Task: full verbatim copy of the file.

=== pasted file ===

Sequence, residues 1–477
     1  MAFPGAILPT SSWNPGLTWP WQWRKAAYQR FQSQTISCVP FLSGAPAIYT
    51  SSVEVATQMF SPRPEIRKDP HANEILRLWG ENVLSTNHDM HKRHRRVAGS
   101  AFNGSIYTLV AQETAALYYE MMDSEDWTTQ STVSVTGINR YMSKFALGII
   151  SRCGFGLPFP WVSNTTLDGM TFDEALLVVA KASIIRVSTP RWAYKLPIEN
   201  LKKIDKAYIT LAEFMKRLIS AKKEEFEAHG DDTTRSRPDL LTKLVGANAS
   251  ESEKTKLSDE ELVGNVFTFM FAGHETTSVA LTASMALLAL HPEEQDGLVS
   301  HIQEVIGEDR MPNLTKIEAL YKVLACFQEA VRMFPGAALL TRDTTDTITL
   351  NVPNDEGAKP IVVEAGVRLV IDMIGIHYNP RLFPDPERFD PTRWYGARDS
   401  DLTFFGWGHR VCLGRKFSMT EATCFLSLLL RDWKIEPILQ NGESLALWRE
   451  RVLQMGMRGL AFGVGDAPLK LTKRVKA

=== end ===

Sequence, residues 1–477
     1  MAFPGAILPT SSWNPGLTWP WQWRKAAYQR FQSQTISCVP FLSGAPAIYT
    51  SSVEVATQMF SPRPEIRKDP HANEILRLWG ENVLSTNHDM HKRHRRVAGS
   101  AFNGSIYTLV AQETAALYYE MMDSEDWTTQ STVSVTGINR YMSKFALGII
   151  SRCGFGLPFP WVSNTTLDGM TFDEALLVVA KASIIRVSTP RWAYKLPIEN
   201  LKKIDKAYIT LAEFMKRLIS AKKEEFEAHG DDTTRSRPDL LTKLVGANAS
   251  ESEKTKLSDE ELVGNVFTFM FAGHETTSVA LTASMALLAL HPEEQDGLVS
   301  HIQEVIGEDR MPNLTKIEAL YKVLACFQEA VRMFPGAALL TRDTTDTITL
   351  NVPNDEGAKP IVVEAGVRLV IDMIGIHYNP RLFPDPERFD PTRWYGARDS
   401  DLTFFGWGHR VCLGRKFSMT EATCFLSLLL RDWKIEPILQ NGESLALWRE
   451  RVLQMGMRGL AFGVGDAPLK LTKRVKA